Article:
New tropical wave being tracked, now two in Atlantic

Update 2 p.m.: Two tropical waves are now being tracked by the National Hurricane Center with one getting a low chance of development and the second a 40 percent chance.

Neither are expected to be long lived at this point as they travel toward drier air, slightly cooler waters and areas with higher wind shear.


The wave that popped up Wednesday morning is about 350 miles south-southeast of the Cape Verde Islands. Some development in the short term is expected.

The new system, which is about 1,700 miles east-southeast of the Leeward Islands, is moving west at 30 mph and has a 30 percent chance of development over five days.

Hurricane center forecasters said if formation occurs, it could be this weekend when the system is closer to Lesser Antilles and Puerto Rico.


Global satellite image from NOAA shows tropical waves leaving the coast of Africa.

Global satellite image from NOAA shows tropical waves leaving the coast of Africa.



Previous story:

The National Hurricane Center is giving a cluster of thunderstorms off the coast of Africa a 40 percent chance of strengthening over the next few days, but it is moving into a less accommodating environment and could fall apart by the time it reaches the central tropical Atlantic.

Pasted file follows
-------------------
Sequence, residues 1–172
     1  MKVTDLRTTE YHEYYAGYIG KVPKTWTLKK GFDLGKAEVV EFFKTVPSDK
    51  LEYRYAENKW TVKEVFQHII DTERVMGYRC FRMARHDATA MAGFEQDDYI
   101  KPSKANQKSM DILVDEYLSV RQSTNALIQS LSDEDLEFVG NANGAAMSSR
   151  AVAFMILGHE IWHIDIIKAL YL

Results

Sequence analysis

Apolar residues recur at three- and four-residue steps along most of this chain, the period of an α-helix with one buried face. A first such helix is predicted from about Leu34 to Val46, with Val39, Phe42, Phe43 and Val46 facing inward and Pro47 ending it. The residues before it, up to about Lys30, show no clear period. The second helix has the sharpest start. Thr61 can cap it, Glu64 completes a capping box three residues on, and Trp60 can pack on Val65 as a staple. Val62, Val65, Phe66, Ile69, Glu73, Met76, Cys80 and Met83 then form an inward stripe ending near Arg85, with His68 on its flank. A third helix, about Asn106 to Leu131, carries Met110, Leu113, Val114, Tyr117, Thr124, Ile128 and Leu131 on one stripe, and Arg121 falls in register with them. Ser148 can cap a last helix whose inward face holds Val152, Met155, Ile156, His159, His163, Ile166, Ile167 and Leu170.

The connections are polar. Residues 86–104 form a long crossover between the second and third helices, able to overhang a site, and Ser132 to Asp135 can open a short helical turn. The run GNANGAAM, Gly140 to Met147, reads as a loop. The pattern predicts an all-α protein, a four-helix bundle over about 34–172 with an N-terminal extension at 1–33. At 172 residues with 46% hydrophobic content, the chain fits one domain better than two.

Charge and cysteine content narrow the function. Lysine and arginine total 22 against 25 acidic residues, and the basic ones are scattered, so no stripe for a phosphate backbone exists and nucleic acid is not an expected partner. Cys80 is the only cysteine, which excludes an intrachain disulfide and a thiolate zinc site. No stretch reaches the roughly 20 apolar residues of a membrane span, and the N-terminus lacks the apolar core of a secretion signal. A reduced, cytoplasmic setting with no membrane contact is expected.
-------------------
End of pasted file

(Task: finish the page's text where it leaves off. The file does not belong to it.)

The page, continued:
The wave is moving west-northwest at about 10 to 15 mph.

Check The Palm Beach Post radar map.


As of the 8 a.m. update, forecasters said the wave was about 400 miles southwest of the Cabo Verde Islands.

The hurricane center is using the official name Cabo Verde instead of the more commonly used Cape Verde to refer to the islands. In 2013, the Cape Verdean government determined that the Portuguese designation “Cabo Verde” would henceforth be used for official purposes.

Watch home “explode” in 140 mph hurricane winds. 

If the waves moves to much to the north it will run into a thick patch of Saharan dust, which works to kill storms because of its low relative humidity.


Orange and yellow areas mark the presence of Saharan dust.

Also, slightly cooler sea surface temperatures are in the system’s path. For a tropical cyclone to develop, it needs temperatures of at least 80 degrees Fahrenheit or 26.5 degrees Celsius.

The map below shows sea surface temperatures just below 80 to the west of the wave.



If you haven’t yet, join Kim on Instagram and Twitter.